SOUND: Vote beeping
Voting methods across the state are pretty consistent. They are all electronic machines and while they may be technologically advanced, in recounts they can be frustrating.
"We will never know with 100 percent certainty how every voter cast their ballots in 1998."
Jack Finn was Press Secretary for Senator Ensign in an infamous race against Senator Harry Ried. It was one of the closest races in the nation
"The computer gave us a number. We asked for a re-count. The computer re-tabulated and spit out the exact same number. There was no paper back-up. We had to rely on the computer and the technology that was in place."
So contentious was the issue that Ensign invited a team of attorneys from Washington. Legal issues dragged on until December 19 and the race was settled in favor of Ried with just 428 votes. Both sides complained that they something more tangible than the number the machines spit out. As a result of the high-profile re-count there have been a few changes. After this year's primary a candidate in Goldfield, Nevada, 185 miles north of Las Vegas demanded a re-count echoing some of the same 1998 concerns.
"This gentleman wanted to have something tangible in his hands"
Cindy Elgan, Esmeralda County Clerk and Treasurer was in charge of the re-count. To make it a little more tangible, she ordered every one of the votes to be tallied on a white board. It was easy she says because there were only 38 votes total.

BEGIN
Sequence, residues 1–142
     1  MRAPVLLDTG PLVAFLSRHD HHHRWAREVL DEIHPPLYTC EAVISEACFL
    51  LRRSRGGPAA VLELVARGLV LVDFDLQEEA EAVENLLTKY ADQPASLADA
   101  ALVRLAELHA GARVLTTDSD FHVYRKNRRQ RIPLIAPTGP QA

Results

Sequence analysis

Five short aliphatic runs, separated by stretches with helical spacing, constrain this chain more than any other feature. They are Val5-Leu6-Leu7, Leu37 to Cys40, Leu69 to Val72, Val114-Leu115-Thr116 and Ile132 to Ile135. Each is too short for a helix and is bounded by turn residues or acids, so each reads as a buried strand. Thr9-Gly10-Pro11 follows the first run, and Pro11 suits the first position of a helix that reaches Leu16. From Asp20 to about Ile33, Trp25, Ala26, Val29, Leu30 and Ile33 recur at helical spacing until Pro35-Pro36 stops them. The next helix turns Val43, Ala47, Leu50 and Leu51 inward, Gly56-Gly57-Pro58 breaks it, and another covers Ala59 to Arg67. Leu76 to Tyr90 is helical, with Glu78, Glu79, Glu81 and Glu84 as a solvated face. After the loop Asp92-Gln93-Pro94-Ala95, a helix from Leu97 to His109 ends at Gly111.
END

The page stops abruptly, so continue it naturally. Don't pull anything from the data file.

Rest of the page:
"No matter how you sliced it or diced it, it came out to the same results that you had on election night."
A re-count in Clark County with more than 1-thousand precincts would be quite different. As a result of the 1998 race, the registrar can print out a record of the ballots and use those for re-counts. Another addition as a result of the 1998 re-count is the v-pat printer.
At the end of the voting process voters can see a print-out of their choices displayed behind a glass window. Nevada became the first state this year to add these on a wide scale. Since they aren't on every machine, they can't be used for re-counts yet says Clark County Registrar Larry Lomax.
"By 2006 it's a whole new ball game because the secretary of state has ordered that all machines have paper trails."
So by 2006, the same printed record of the ballot that voters see and can verify would be the same one used in hand re-counts. While re-counts in the state are expected to be more credible than in the past, Lomax is anticipating another embodiment of the 1998 recount.
"I'm not sure if there will be re-counts or litigation I almost find it more likely that there will be litigation. Both parties may disagree on how you count provisional votes."
Provisional votes are ballots voters can cast if they aren't registered. To defend and contest that right for voters, out of state attorneys have come, but it's not a legal team from Washington like in 1998, this year hundreds of attorneys are gearing up to greet voters at the polls.
Ky Plaskon, News 88-9 KNPR
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